The Economy Meeting Fiscal Needs

City fiscal conditions in 2011 continue to weaken, but city finance officers' perceptions may reflect a "new normal" in terms of their assessment and expectations of meeting nearer-term financial needs.

  • Property values continue at levels far below their 2007 peaks.
  • Consumer spending is slowing as the household savings rate increases.
  • Consumer confidence is eroding.
  • Markets could be entering the worst double-dip recession since the Great Depression.

Survey findings suggest that city finance officers' perceptions are still mostly negative, but they are not necessarily worsening.  America's cities are not looking to the past as a guidepost for the future. Indeed, lower property values and declining sales may portend something entirely new, a 'new normal.'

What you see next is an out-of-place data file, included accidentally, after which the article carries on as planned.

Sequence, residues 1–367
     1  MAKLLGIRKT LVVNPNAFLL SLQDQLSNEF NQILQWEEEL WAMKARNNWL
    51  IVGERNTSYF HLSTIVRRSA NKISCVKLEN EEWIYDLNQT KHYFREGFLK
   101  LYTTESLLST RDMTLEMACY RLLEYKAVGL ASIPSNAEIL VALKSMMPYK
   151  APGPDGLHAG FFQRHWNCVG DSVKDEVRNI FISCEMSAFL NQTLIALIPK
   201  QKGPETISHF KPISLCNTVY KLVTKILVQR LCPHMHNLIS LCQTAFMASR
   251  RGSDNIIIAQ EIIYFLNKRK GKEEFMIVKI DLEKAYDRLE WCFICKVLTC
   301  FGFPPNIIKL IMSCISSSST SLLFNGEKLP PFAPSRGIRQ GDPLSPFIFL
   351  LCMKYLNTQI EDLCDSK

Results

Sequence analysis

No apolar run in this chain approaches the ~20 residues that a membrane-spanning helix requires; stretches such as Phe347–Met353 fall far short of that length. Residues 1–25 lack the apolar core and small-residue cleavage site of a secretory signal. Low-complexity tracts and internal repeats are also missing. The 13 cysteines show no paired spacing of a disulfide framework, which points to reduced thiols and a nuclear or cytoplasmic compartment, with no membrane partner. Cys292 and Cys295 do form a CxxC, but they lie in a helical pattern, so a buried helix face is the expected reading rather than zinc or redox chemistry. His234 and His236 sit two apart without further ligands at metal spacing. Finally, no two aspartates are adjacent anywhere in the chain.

Fifty-seven percent of city finance officers report that their cities are less able to meet fiscal needs in 2011 than in 2010. City finance officers' comparative assessment of their cities' fiscal conditions from year to year in 2011 improved from their 2010 assessment, when 87 percent of city finance officers said their cities were less able to meet fiscal needs than in 2009, the highest level in the history of NLC's 25-year survey.


 

Finance officers in cities that rely more upon property taxes (73%) - the most common local tax source - are more likely to say that their cities are less able to meet fiscal needs in 2011 than those in cities reliant upon sales taxes (50%) or income taxes (47%).